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‘The Void’ Brings to Light a Classic Horror Movie Trend

‘The Void’ should stand as a reminder of what good horror truly looks like, and why we need a revival in the genre.

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I didn’t imagine I would enjoy The Void as much as I did. Being that the Lovecraft-inspired indie horror flick was created strictly through crowdfunding and worked off a poor script and mediocre budget, I went in with relatively low expectations. What I got in return was quality, concise film that kept me way more engaged than I ever thought possible. What’s more, The Void‘s reliance on practical effects, as well as a pace and setting reminiscent to the John Carpenter’s classic The Thing, made me fall in love with it all the more. In fact, The Void should stand as a reminder of what good horror truly looks like, and why we need a revival in the genre.  

As a kid, I consumed horror films like a famished dog, settling my cravings of classics like Halloween, A Nightmare on Elm Street, Hellraiser, and Texas Chainsaw Massacre. These movies shaped my love for the horror genre, and as such gave me a solid foundation for my study of such films. In recent years, horror movies have hit somewhat of a rough patch; every other film hitting the theater is either a sequel, remake, or cut copy of another popular stand-in. It’s gotten to the point where you can predict with almost perfect accuracy how every horror title will play out, and frankly, I’m tired of watching a white, 20-something girl get chased around by malevolent forces for an hour and a half. I miss the time when horror movies made you care about the characters before they were killed off, and gave you a reason to cheer for them.

Obviously there are some outliers when it comes to this monotonous trend. Standout hits like Don’t Breathe, IT, and of course, The Void, all act as foils to this system, providing quality horror experiences with genuine thought and effort put into their plots. However, what makes The Void stand out from the others is its ability to rekindle the feeling of absolute paranoia and cabin fever that classic horror movies used to rely on. As mentioned before, The Void relies heavily on themes and plot elements from The Thing. The main characters are trapped in an isolated location, the monster isn’t able to be initially tracked or identified, there is a clear leader, and the forces working against the protagonist are much stronger and more dangerous. These elements create a claustrophobic environment that preys on the characters as they try to find out who’s the real threat.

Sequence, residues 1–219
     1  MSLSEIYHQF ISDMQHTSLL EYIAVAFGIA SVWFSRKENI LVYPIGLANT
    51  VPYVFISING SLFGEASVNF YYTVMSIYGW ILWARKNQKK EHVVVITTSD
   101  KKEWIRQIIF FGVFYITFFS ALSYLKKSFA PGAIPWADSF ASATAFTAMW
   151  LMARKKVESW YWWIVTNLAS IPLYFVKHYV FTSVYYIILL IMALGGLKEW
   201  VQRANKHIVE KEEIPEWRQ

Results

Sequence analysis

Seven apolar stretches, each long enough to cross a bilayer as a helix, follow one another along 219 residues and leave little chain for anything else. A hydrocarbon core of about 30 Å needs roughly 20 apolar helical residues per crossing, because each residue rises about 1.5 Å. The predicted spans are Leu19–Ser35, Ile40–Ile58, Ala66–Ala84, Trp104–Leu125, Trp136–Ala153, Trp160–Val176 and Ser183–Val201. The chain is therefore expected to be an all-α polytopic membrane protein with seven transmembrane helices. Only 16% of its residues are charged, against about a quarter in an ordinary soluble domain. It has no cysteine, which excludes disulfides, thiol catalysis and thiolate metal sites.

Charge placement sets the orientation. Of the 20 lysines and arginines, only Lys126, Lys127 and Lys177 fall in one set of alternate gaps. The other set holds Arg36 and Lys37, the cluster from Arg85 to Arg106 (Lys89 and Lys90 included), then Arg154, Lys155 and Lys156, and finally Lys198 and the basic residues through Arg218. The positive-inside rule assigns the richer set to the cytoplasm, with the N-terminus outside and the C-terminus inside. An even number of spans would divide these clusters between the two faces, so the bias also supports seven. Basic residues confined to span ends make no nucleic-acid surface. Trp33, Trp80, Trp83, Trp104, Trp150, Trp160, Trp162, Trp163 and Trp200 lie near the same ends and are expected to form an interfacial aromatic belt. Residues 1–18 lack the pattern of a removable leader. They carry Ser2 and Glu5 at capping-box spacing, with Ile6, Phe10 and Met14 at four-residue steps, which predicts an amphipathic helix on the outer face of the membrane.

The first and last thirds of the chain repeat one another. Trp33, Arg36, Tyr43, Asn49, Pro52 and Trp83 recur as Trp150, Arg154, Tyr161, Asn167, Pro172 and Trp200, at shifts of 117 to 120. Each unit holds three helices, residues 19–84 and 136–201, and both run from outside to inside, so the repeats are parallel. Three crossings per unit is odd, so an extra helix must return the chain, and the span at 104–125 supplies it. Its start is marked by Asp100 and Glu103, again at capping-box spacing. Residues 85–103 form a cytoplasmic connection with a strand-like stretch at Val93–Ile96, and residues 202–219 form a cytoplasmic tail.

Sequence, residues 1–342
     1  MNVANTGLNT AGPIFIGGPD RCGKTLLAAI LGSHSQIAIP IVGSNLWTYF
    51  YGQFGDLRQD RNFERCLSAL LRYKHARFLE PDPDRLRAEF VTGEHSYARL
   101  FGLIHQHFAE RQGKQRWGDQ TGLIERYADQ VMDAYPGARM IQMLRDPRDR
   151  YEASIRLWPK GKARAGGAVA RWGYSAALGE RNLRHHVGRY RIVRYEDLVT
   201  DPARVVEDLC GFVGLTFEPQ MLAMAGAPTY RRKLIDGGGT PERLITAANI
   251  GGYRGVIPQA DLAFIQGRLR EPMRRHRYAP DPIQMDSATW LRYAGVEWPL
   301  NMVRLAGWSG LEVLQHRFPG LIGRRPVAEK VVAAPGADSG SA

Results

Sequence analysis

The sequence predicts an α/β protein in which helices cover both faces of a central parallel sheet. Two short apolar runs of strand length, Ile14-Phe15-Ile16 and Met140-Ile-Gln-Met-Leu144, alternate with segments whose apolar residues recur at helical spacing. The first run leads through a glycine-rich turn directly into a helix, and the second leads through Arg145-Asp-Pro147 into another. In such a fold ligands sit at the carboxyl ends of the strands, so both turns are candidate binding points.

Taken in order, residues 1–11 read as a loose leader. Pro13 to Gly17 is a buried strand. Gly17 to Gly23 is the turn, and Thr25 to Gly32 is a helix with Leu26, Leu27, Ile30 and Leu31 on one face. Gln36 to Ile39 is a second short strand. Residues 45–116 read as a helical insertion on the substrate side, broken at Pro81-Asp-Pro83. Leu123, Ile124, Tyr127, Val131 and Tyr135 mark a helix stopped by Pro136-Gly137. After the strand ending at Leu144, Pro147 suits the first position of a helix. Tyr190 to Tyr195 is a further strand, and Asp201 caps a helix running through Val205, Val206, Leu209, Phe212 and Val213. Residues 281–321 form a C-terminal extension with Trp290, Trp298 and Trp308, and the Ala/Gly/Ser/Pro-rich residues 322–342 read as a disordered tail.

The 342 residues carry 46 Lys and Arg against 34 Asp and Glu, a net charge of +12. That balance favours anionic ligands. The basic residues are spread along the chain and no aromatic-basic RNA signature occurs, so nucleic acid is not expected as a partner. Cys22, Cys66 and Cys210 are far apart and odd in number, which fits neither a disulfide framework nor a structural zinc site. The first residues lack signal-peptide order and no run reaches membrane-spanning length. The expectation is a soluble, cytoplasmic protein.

In The Void‘s case, the elder gods-inspired demons that infect the trapped hospital personnel are gruesome and vicious, which adds further weight to every decision the cast makes. Several other tense moments come whenever the characters have to venture outside the hospital, which has been surrounded by cultists veiled in white sheets. The knife-wielding worshipers of the main antagonist are silent and dreadfully creepy, and add an extra layer of fear to the entire experience. It also helps that 95% of the effects used in the film are practical, which gives it a more real and believable look and feel. The transformed humans and grotesque, demonic monstrosities are uncomfortable to look at, and move with a disjointed, eerie speed that could make even the most hardened of horror veteran’s skin crawl.        

The main reason why The Void works as well as it does is because it doesn’t rely on its scares alone to make it a decent horror movie. Some of the most terrifying moments come not from jump scares, but rather the disgusting dialogue or, in the case of one of the characters, the birth of an unspeakable evil. This tell and show mentality elevates The Void above the standard horror fare of today, and proves that movies of this caliber can still prevail.

While The Void‘s initial impact wasn’t great, I feel that in the coming years directors will look to it as a source of inspiration, and hopefully will incorporate some of its nuances into their work. I look forward to a time where horror can once again move out of the traditional haunted house or serial killer motif, and branch back into previously treaded waters such as sci-fi or heavily supernatural scares. The world needs more mummies and aliens scaring them half to death, and it’ll take a creative mind with an emboldened spirit to make it happen. Luckily, The Void leads the charge, and gives the next generation a solid palette to work with.       

Carston is a freelance writer hailing from the always humid Sunshine State. He enjoys RPGs, grand strategy games, 80's New Wave and post-punk, and anything PlayStation related. If Game of Thrones, Mass Effect, or Chinese food are your thing, find him on Twitter @RolandDucant.

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1 Comment

  1. Kyle Rogacion

    October 25, 2017 at 11:17 pm

    In a similar vein to ‘The Void’s’ approach to horror, I really enjoyed ‘Get Out’ for its use of atmosphere and character development. Not strictly a horror, per se, but it’s effective at establishing tension and fear in a similar manner.

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